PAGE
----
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Our Parental Leave System

Parental leave is a leave of absence from a job to allow a new parent to care for a child, be it a newborn or recently adopted child. Parental leave is often considered an employee right and is guaranteed in most countries, the United States being one of the few exceptions.

There are two main types of paternal leave: maternity and paternity leave. Maternity leave is granted to mothers around and after the time of childbirth or adoption, while paternity leave is provided for fathers at the same time. Although taking leave to care for a child is becoming increasingly common among fathers, mothers continue to be the majority users of parental leave. 

The United States is currently the only developed country that does not federally mandate employers to provide paid parental leave. According to the Family Medical Leave Act of 1993, new parents in the United States are allowed three months of unpaid time off.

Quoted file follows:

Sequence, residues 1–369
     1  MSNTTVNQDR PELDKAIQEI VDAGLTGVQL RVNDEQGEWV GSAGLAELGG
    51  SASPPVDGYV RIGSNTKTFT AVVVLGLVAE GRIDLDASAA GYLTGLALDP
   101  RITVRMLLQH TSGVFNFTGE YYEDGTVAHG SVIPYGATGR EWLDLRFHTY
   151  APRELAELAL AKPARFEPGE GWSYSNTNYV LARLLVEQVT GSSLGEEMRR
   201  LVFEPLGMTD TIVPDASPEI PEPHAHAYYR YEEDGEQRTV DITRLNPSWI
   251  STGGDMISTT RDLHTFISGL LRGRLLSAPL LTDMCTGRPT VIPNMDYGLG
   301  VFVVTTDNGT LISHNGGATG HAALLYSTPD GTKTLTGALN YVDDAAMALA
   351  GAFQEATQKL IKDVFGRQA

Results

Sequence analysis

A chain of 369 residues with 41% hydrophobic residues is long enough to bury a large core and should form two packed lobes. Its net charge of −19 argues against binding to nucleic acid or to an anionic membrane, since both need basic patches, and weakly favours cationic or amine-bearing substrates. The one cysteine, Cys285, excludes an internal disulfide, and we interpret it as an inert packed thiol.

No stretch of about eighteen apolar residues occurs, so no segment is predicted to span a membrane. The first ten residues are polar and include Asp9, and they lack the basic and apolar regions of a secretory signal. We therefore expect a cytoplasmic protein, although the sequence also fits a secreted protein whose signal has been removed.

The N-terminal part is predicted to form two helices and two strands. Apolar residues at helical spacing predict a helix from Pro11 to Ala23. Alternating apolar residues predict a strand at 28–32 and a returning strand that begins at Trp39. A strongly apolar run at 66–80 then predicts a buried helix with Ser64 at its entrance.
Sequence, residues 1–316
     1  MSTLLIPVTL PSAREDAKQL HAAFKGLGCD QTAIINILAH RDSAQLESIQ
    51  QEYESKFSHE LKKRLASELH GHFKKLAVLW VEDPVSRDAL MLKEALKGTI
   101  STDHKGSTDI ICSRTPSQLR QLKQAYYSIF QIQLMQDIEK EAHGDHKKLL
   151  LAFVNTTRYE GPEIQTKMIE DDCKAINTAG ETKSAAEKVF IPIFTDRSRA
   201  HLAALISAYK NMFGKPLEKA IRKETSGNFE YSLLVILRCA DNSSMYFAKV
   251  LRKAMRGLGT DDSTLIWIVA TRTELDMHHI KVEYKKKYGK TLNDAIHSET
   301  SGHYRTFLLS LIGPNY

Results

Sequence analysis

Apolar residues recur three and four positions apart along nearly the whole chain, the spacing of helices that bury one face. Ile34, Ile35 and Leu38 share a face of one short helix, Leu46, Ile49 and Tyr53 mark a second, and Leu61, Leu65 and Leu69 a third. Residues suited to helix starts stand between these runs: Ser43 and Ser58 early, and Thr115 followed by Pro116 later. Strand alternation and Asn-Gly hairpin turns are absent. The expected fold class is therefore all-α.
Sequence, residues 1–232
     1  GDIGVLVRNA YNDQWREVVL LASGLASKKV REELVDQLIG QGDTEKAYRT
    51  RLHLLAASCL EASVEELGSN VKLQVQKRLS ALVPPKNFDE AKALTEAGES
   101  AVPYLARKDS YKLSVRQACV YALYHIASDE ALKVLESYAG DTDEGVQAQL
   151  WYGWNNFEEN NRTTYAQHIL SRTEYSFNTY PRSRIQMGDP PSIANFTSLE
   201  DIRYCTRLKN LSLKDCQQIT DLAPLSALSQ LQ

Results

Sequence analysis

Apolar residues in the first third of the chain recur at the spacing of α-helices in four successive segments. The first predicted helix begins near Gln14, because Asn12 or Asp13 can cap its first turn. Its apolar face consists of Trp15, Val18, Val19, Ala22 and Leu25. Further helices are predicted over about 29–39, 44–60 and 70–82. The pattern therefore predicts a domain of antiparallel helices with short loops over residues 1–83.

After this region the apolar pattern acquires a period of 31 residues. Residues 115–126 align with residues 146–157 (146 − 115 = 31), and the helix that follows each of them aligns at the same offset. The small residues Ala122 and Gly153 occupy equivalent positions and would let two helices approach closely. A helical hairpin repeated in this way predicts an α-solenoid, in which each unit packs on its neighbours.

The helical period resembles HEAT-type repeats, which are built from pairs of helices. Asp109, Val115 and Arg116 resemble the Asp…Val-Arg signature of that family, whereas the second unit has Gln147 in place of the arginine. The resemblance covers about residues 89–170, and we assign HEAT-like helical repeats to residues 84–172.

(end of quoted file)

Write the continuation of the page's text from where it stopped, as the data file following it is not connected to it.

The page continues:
However, a study on unpaid leave policies revealed the “limited effect” of such policies. Parents often do not use their unpaid leave for the full three months, as it is unaffordable for most people to forgo three months of income.


Han, Wen-Jui, and Jane Waldfogel. “Parental Leave: The Impact of Recent Legislation on Parents’ Leave Taking.” Demography, 1 Feb. 2003, doi:

Family and Medical Leave Act. U.S. Department of Labor,

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